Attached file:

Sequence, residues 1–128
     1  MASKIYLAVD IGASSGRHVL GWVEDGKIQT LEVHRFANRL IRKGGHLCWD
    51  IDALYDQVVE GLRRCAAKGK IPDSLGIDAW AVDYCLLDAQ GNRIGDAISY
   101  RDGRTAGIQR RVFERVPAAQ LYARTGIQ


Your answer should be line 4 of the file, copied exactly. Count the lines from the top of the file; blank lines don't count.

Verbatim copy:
   101  RDGRTAGIQR RVFERVPAAQ LYARTGIQ